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More than 900 doctors, nurses, physician assistants and other caregivers have signed a second petition to Gov. Charlie Baker demanding more help as the number of patients hospitalized with COVID-19 climbs and more hospital staff test positive for the coronavirus.
There are over 1,000 such cases among hospitals reporting their staff infection numbers to WBUR.
This letter, unlike one sent to Baker two weeks ago, does not warn that hospitals across the state are on the verge of collapse, but Dr. Karen Leitner, one of the petition organizers, says clinicians still feel that threat.
“There is a lot of progress that’s been made,” Leitner says, thanking the Baker administration. “But there are already hospitals taking crisis measures ... with staffing and equipment — the health care system is on the verge of being overwhelmed.”
The letter from a newly formed group that calls itself the COVID-19 Action Coalition, thanks Baker and his staff, but urges the governor to take care of more than a dozen immediate needs.
These clinicians want Baker to further limit the list of essential businesses, to stop construction, close gardening stores and halt landscaping operations. They're demanding a tighter stay-at-home advisory — one that would ban gatherings of any size in public. The state imposed new limits on grocery stores Tuesday, saying they must not exceed 40% of allowed capacity at any given time.
The petition says the governor must tell hospitals to allow staff to bring their own protective equipment to work, including masks, face shields and full body suits. That request has the backing of the Joint Commission, a national hospital accreditation agency. But some hospitals are not allowing this. They say the individual items are not certified or that doing so will create a “have and have not" tension among staff.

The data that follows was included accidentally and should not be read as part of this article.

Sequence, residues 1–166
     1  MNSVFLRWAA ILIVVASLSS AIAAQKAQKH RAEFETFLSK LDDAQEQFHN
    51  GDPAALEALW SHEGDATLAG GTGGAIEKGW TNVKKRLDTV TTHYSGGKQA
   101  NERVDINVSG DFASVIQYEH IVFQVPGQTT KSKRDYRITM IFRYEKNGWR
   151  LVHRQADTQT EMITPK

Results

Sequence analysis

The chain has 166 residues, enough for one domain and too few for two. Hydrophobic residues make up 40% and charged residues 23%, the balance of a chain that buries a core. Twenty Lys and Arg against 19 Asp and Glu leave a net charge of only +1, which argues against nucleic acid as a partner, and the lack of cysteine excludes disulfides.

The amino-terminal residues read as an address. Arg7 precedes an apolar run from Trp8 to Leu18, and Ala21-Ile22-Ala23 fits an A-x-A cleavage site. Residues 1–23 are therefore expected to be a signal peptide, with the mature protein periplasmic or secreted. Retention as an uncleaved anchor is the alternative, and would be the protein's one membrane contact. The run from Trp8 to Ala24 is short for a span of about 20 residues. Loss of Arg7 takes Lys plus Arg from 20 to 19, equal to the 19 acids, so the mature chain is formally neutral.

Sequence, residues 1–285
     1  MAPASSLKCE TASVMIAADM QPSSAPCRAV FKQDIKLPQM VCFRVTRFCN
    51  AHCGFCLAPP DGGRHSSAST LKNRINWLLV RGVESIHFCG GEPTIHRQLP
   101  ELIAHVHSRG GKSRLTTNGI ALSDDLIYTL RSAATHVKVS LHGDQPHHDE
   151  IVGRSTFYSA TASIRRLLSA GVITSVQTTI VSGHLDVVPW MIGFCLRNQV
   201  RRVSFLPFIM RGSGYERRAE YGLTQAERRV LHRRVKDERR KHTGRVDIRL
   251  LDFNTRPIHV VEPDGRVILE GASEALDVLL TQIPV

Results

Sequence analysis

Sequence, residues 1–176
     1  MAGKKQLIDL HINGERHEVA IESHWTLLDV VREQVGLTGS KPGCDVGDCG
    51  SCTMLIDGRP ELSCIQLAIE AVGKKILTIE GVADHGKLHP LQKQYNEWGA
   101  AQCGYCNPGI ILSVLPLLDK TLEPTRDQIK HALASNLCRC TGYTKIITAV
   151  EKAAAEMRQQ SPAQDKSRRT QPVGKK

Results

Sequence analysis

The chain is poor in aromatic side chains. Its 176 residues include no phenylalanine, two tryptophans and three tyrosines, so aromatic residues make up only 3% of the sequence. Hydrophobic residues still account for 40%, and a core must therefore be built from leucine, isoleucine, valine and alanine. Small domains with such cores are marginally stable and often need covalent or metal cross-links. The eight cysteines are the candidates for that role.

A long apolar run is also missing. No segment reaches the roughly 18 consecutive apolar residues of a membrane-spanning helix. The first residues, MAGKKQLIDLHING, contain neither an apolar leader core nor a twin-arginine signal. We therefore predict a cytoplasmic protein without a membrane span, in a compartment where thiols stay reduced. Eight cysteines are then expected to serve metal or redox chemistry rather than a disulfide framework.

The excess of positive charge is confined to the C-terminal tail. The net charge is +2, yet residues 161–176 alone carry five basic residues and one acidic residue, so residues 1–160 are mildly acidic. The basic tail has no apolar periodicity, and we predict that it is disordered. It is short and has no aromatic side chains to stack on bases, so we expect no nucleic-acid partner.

Some anesthesiologists and others who work in ICUs, among the highest risk group of caregivers, say they need full body protection as is recommended by researchers at Stanford University and the Scripps Research Translational Institute.
The letter asks Baker to offer incentives to manufacturers that can ramp up production of protective gear, including items such as the full body suits that aren’t currently part of standard protective gear kits.
Dr. Cheri Weaver, an emergency medicine physician at Beth Israel Deaconess Hospital-Milton, says she wears the same N95 mask through a whole shift — even though the recommendation is to change in between patients. At the end of a shift, she puts that mask in a paper bag and doesn’t use it again for three to four days, hoping any coronavirus infection will be gone by the time she pulls it out of the bag and dons the mask again.
“We’re getting creative in ways to recycle,” says Weaver, “so we at least have some protection as we’re taking care of patients, but we’re using single-use objects in a way they weren’t intended to [be used]."
Partners HealthCare is opening a site in Somerville it says will be able to decontaminate up to 80,000 masks a day, but Weaver says there are issues that still need to be worked out, like safe transportation of contaminated masks and redistribution of those ready for reuse.
In the petition, the health care workers urge the governor to throw testing into hyperdrive. Baker says Massachusetts is ahead of almost every state in the number of tests performed, but there are still health centers, doctors and nurse practitioners who say they can’t test everyone who is sick.
These front-line health care workers want immediate access to isolation centers for patients who have a milder form of COVID-19 or who are positive without symptoms, but can’t isolate within their home or don’t have a home. Baker said last week that he would have an update on isolation centers soon, as part of a contact tracing project he’s launching with the nonprofit Partners in Health.
On Wednesday afternoon Baker responded to one item in the letter, filing legislation to protect health care workers from medical malpractice lawsuits during the COVID-19 pandemic. The change would be temporary and has been adopted by at least two states, New York and Illinois, so far.
The coalition anticipates the need to move staff between hospitals during a surge to assist colleagues. The group says the state must temporarily pause the credentialing required by individual hospitals and ease medical record-keeping so that clinicians don’t have to learn new systems and can focus on patient care.
Baker has not responded to requests for comment on the letter or on the individual demands it contains.
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